The limitations encountered during the course of conducting this study include the fact that study participants comprised of only respondents incarcerated in the prison facilities in Mbarara municipality and so the findings cannot be generalized to other prisons. However given the fact that the living conditions and judicial system is similar, these findings would provide a basic insight into the nature and extent of the burden of mental illnesses in Ugandan prisons. Some respondents may have deliberately declined to disclose and/or falsified responses to some inquiries that they considered to be private, intimate, confidential and/or sensitive.
This could have been due to fear of reprisals and consequences by the prison authorities, anticipated exploitation of the sick role and the societal status and the ascribed privileges that accompanied it. This was mitigated by proper consenting of the study participants, sensitization of the non-professional psychiatric personnel, psychoeducation of the study participants, soliciting of psychiatric drugs and funds to provide mental health services in the correctional institutions. Any difficulties in obtaining accurate information about details in the past and long term symptoms were attributed to recall bias. Some inmates might have been malingering in order to assume the much coveted sick role and all its perceived benefits.
The lack of resources to confirm diagnoses of general medical conditions and ruling out psychiatric symptoms due to physical illnesses. Absence of some prisoners at the time of data collection due to prison scheduling e.g. community service, prison duties, court schedules and pending releases from prison may have also impacted the results. Aspiring to attain the mandated sample size while endeavoring to cater for potential data loss with the intension of getting a study population that is representative of the general prison population that I was planning to study went a long way to resolve these concerns.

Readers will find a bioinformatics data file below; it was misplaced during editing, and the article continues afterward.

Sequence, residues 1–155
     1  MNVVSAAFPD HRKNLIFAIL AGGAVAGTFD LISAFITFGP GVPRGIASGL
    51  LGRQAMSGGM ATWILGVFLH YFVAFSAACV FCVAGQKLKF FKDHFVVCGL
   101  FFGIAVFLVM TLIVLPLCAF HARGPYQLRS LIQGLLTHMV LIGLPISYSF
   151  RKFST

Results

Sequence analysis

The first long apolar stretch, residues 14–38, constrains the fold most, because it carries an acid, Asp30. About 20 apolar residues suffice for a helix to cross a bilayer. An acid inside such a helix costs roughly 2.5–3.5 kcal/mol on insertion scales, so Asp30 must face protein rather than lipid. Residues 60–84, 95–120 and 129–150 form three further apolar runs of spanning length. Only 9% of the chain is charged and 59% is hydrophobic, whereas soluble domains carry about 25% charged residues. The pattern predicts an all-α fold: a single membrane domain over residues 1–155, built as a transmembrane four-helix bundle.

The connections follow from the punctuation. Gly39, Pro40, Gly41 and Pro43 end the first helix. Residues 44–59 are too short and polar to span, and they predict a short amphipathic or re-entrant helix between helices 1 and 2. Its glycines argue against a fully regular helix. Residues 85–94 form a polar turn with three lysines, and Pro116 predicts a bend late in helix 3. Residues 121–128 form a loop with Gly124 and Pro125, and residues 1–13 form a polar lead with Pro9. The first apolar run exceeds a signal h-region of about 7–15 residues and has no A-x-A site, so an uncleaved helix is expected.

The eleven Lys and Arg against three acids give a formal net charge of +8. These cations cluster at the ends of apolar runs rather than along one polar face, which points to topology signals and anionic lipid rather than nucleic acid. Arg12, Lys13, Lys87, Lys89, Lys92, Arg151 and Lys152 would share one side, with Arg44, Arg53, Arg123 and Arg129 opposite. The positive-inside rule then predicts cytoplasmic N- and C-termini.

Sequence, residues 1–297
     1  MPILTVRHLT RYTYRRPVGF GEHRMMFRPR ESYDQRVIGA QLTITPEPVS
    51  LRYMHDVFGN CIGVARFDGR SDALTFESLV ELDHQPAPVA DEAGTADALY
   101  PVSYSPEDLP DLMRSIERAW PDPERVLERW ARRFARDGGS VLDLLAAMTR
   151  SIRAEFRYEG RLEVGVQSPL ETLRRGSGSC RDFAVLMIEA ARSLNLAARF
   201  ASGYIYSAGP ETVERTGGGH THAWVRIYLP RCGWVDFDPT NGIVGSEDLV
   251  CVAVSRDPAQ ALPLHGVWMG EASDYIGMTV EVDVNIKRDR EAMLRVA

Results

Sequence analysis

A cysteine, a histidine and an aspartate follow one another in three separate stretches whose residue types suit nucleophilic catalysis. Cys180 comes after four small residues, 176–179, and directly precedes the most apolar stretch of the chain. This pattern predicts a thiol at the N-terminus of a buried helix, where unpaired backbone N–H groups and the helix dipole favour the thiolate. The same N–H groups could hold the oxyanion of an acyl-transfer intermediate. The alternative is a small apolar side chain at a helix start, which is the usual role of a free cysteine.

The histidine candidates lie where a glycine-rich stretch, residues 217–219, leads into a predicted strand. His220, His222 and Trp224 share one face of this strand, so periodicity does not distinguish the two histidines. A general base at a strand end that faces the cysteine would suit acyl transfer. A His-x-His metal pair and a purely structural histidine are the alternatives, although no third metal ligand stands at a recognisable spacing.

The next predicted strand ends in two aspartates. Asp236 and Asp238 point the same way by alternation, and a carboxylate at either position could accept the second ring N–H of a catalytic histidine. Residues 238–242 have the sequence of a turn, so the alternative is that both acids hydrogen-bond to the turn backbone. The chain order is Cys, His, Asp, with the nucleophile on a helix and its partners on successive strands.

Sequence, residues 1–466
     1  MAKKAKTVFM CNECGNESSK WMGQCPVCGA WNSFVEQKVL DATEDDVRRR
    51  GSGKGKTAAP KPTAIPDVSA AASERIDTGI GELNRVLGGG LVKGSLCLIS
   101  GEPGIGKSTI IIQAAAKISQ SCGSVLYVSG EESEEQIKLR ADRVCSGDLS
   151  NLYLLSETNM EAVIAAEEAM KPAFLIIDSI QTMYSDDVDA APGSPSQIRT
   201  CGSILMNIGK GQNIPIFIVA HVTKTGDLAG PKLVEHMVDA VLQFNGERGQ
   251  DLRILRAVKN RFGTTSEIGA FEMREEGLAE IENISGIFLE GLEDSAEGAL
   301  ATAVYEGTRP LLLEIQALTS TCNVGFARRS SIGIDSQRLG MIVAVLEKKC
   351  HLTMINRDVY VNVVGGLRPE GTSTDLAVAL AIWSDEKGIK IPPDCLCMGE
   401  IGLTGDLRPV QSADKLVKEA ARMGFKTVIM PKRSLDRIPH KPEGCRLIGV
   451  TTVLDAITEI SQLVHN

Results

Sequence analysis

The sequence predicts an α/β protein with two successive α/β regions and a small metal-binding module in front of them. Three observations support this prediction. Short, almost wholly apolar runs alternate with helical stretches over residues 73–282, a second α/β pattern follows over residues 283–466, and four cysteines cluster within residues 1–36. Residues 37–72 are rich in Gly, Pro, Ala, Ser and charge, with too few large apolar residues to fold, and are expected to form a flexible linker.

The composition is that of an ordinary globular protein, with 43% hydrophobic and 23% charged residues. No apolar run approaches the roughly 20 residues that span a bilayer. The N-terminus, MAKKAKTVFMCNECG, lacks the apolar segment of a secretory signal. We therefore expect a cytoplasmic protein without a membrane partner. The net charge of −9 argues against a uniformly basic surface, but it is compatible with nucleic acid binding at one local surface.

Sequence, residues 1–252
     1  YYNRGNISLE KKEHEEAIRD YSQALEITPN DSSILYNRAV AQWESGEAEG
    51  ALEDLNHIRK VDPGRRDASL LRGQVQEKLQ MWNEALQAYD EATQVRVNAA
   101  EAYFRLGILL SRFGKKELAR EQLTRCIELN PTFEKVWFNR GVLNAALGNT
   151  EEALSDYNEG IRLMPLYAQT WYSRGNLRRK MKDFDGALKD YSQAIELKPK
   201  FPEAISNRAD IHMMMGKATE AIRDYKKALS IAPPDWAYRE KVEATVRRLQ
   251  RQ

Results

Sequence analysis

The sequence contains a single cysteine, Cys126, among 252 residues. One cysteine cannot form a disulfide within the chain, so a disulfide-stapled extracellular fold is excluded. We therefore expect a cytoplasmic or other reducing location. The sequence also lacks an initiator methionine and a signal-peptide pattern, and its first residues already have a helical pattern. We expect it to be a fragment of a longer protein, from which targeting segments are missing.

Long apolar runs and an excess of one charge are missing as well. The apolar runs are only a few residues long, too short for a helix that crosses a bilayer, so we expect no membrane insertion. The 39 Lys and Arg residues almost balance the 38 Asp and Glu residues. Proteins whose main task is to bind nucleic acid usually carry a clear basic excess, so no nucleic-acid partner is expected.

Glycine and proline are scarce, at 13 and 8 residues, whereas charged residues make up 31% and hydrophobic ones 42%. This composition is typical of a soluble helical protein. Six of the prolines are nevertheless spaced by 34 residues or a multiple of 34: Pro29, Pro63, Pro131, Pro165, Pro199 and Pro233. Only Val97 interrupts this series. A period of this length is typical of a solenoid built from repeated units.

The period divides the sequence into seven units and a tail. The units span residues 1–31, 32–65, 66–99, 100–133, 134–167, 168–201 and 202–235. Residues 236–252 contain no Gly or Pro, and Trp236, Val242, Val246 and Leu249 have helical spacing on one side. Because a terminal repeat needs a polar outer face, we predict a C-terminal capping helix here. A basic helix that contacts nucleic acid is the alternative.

There is a high prevalence of psychiatric illnesses among prisoners in Mbarara municipality with most of them having more than one diagnosis. Most of the prisoners with mental illnesses go undiagnosed and untreated. A past history of traumatic brain injury is a risk factor for having more than one diagnosis of a psychiatric disorder.
The findings of this study indicate that there is a need for capacity building for health workers and other staff in prisons in regard to screening, assessing and treatment of inmates with mental disorders. In addition, there is a necessity for a clear referral process for individuals found to have mental disorders. Furthermore, improving the conditions and standards of living for those incarcerated individuals would help in preventing mental disorders and their comorbidities. Lastly, the field of forensic psychiatry in Uganda would significantly benefit from more comprehensive, longitudinal and nationwide studies to attain a clear picture of the actual magnitude of the burden of mental disorders in Ugandan prisons.
Availability of data and materials
The dataset used and analyzed during the current study is available from the corresponding author on reasonable request.
Individual current diagnosis refers to a major primary psychiatric disorder diagnosed in a study participant at the time of administering and as determined by the responses to the M.I.N.I Version 6.0 regardless of the timing, duration, frequency, comorbidity or presence of other multiple diagnoses.
Parenting style refers to the type of upbringing that the participant underwent and this was assessed by asking the study participant to briefly describe the nature of interaction with their parents or guardians.